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Xi Jinping visits Nyngchi, close to Arunachal Pradesh amid strong undercurrents of turbulence in Tibet

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Chinese President Xi Jinping has visited Tibet for the first time after becoming President (Photo: IANS)

Leader for Life, Xi Jinping made a quick, unannounced visit to Tibet—his first as the President of China. Videos surface from the visit, showing Xi in front of the Potala Palace and visiting Nyingchi, a strategically located border town close to Arunachal Pradesh.

Observers say Xi is worried, therefore, he wants to send a message that Tibet is an inalienable part of China. Xi's visit comes at a time when China is involved in a serious border confrontation with India, has threatened Taiwan with a military invasion, has a diplomatic row with Australia, a trade war with the US and lost a maritime dispute with the Philippines. It is also under pressure over Hong Kong where it has blown to bits its benign policy that "one country two systems" could co-exist.

India Narrative spoke with noted South-East Asia expert, Prof. Baladas Ghoshal, former chairman of the Centre for South and Southeast Asian Studies, JNU, and former General Secretary at the Society for Indian Ocean Studies.

Ghoshal says that from China's point of view, if there is any part of China which is vulnerable, that part is Tibet. "Apart from that China does not feel a threat to any part of its territory from anywhere or any power in the world", says Ghoshal.

China's vulnerability lies in Tibet—which shares a long border with India and where Beijing's relations are on a downhill after it invaded Ladakh. With Chinese troops not moving back from Indian territory despite numerous rounds of diplomatic and military talks, relations between the two Asian giants are frosty and are sliding further as the dispute drags.

In fact, one of the major clashes between the Indian Army and the Chinese involved special Tibetan forces. China has taken cognizance of that as it has become a worrisome point for Xi. China is trying to recruit more Tibetans on its border with India. "Beijing has sent a circular that each Tibetan family has to send one member to the Chinese army", says Ghoshal.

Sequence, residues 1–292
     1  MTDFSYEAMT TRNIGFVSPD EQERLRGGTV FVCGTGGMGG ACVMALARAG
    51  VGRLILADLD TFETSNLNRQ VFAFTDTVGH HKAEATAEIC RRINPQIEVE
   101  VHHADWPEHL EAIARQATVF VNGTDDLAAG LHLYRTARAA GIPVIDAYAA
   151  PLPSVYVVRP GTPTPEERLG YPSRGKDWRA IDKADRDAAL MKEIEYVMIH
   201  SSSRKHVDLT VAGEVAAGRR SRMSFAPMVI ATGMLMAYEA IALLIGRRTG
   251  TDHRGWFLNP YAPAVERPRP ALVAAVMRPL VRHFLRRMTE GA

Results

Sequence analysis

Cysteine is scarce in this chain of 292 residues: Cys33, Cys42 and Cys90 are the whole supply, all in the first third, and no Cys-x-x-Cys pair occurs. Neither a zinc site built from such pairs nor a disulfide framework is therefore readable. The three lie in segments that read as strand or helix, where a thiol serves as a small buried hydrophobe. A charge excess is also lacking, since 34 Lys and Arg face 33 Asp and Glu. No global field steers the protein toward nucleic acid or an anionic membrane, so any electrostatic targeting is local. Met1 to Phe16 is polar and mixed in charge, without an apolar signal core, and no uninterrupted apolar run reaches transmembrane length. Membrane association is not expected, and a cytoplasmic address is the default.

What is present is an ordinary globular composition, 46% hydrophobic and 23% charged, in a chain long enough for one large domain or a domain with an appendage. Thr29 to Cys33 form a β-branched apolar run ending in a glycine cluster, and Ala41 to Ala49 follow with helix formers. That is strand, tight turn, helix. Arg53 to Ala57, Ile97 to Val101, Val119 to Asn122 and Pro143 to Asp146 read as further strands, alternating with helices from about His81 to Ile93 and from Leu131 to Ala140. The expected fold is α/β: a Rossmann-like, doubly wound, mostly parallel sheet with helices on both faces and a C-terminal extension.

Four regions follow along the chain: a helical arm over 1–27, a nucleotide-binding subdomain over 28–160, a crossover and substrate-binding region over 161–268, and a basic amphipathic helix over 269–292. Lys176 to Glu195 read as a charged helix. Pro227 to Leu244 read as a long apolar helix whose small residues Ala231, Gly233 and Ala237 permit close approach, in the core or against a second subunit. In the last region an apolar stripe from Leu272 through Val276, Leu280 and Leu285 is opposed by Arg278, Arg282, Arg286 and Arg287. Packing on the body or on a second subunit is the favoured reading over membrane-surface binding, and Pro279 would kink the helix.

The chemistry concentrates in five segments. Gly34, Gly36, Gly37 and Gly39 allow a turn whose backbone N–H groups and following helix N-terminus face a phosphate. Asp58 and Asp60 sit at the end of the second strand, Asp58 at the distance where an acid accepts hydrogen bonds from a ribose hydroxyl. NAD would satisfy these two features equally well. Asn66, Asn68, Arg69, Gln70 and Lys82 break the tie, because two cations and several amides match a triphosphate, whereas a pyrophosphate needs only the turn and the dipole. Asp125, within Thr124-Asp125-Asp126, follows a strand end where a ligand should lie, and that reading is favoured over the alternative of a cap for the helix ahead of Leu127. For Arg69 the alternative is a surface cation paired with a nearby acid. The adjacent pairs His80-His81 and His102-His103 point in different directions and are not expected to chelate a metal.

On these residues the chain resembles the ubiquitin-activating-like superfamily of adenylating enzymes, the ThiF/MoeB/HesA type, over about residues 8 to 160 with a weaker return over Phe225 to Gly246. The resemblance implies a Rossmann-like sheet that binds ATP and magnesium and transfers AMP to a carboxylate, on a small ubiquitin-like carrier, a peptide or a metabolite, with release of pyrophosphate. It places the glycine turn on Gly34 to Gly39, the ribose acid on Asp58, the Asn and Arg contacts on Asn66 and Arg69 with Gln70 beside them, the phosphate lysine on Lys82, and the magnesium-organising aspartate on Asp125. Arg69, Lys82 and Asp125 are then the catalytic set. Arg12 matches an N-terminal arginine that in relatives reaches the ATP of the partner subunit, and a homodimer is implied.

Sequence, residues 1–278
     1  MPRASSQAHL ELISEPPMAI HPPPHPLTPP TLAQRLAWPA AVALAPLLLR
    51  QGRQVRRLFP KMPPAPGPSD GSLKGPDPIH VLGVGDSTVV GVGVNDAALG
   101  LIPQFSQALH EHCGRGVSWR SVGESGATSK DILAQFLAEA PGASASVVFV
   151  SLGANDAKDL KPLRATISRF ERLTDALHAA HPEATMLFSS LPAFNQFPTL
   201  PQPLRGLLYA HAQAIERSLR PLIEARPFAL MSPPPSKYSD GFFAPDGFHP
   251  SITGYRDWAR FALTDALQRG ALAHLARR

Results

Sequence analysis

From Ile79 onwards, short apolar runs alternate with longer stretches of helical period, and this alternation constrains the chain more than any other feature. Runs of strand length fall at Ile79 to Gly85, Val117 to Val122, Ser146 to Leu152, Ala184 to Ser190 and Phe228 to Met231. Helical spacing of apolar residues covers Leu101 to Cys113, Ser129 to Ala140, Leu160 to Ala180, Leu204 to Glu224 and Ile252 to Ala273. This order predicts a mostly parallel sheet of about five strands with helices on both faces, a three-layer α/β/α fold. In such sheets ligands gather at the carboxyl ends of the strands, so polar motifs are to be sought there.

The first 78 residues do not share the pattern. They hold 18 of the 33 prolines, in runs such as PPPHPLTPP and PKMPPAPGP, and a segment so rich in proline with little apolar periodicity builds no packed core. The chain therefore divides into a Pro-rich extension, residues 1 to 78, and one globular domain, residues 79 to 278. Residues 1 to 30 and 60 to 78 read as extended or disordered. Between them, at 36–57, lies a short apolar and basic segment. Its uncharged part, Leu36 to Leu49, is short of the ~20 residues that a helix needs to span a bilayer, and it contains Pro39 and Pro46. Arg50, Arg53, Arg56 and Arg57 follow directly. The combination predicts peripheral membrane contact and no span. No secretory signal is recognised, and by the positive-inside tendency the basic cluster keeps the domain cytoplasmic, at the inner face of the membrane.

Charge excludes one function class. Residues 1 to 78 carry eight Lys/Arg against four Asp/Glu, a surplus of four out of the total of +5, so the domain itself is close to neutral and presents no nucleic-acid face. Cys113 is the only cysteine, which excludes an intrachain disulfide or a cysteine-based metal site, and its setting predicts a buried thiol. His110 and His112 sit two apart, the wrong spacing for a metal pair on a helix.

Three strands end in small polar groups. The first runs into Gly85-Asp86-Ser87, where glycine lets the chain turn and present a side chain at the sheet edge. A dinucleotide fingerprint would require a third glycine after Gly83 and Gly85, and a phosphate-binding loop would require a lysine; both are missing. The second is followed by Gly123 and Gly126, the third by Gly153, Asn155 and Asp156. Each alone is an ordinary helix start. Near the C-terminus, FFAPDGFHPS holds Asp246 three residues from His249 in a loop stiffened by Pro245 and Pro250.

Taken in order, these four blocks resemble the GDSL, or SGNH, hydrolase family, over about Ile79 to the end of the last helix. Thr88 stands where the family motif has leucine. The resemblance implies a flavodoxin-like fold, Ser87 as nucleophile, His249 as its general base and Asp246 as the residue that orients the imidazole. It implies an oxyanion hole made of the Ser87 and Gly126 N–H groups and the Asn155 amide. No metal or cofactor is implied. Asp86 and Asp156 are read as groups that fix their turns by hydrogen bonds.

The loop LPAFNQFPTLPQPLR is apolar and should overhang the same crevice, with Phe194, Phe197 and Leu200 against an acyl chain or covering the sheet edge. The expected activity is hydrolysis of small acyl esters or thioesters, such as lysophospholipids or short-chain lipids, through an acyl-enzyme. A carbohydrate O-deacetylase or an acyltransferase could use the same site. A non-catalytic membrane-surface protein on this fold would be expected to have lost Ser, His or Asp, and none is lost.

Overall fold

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Prime Minister Narendra Modi's recent greetings to Tibetan spiritual leader the Dalai Lama and speaking with him over the phone has been noticed by China. It even sent its troops on the Ladakh border to intimidate Indians over celebrating the Dalai Lama's birthday. Beijing has always been sensitive about the Dalai Lama and has created ruckus numerous times over any mention of the Tibetan spiritual head.

It is because of this simmering tension with India that China is beginning to feel threatened in Tibet.

With Beijing rapidly losing trust among the comity of nations due to its hegemonistic actions, its One China Policy (OCP) is feeling the heat. With tensions in the Taiwan Strait, many countries are beginning to dump the OCP and are thinking aloud about granting some kind of recognition to Taiwan. If that happens, China fears the OCP would be relegated to history.

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Talking about the OCP, Ghoshal says: "It was always an India-Tibet border, not an India-China border at the time of Independence. In fact, India used to have certain territorial rights in Tibet which it gave up in favour of China and agreed to sign the OCP. There are many thinkers in India who say that if China does not agree to India's position on Kashmir, we should also not agree to the OCP".

Of all the regions where China has violated human rights or has ongoing conflicts—Hong Kong, Taiwan, Tibet and Xinjiang, it is Tibet where China feels most unsafe. The communist regime does not feel a threat to Xinjiang because of the region's geography, where it is largely insulated.

With so many diplomatic and geopolitical tensions that Xi has launched with countries all around its borders, Xi is beginning to feel susceptible in Tibet—and that explains his visit to the region.

Xi also wants to send a message to the world and to the Tibetans that China will secure Tibet. Ghoshal says: "Xi is giving special attention to Tibet in the prevailing circumstances. With this visit, Xi wants to say that no tinkering should be done with Tibet".